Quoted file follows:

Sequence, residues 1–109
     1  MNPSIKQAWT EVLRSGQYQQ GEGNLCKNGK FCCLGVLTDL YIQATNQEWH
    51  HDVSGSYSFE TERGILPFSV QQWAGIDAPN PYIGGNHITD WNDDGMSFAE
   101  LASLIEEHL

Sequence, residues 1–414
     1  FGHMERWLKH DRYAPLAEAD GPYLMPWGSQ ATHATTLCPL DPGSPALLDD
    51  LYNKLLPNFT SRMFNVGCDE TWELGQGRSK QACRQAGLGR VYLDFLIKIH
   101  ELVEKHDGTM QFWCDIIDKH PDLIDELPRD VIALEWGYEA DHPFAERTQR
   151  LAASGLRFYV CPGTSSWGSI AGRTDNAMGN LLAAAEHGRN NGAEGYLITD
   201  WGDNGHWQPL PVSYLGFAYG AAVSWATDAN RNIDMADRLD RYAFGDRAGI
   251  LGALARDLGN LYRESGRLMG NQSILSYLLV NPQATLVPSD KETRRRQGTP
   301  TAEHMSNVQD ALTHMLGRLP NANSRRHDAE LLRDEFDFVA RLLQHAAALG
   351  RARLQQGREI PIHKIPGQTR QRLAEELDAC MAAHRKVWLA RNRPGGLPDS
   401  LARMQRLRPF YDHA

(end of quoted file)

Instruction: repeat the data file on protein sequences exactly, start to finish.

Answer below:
Sequence, residues 1–109
     1  MNPSIKQAWT EVLRSGQYQQ GEGNLCKNGK FCCLGVLTDL YIQATNQEWH
    51  HDVSGSYSFE TERGILPFSV QQWAGIDAPN PYIGGNHITD WNDDGMSFAE
   101  LASLIEEHL

Sequence, residues 1–414
     1  FGHMERWLKH DRYAPLAEAD GPYLMPWGSQ ATHATTLCPL DPGSPALLDD
    51  LYNKLLPNFT SRMFNVGCDE TWELGQGRSK QACRQAGLGR VYLDFLIKIH
   101  ELVEKHDGTM QFWCDIIDKH PDLIDELPRD VIALEWGYEA DHPFAERTQR
   151  LAASGLRFYV CPGTSSWGSI AGRTDNAMGN LLAAAEHGRN NGAEGYLITD
   201  WGDNGHWQPL PVSYLGFAYG AAVSWATDAN RNIDMADRLD RYAFGDRAGI
   251  LGALARDLGN LYRESGRLMG NQSILSYLLV NPQATLVPSD KETRRRQGTP
   301  TAEHMSNVQD ALTHMLGRLP NANSRRHDAE LLRDEFDFVA RLLQHAAALG
   351  RARLQQGREI PIHKIPGQTR QRLAEELDAC MAAHRKVWLA RNRPGGLPDS
   401  LARMQRLRPF YDHA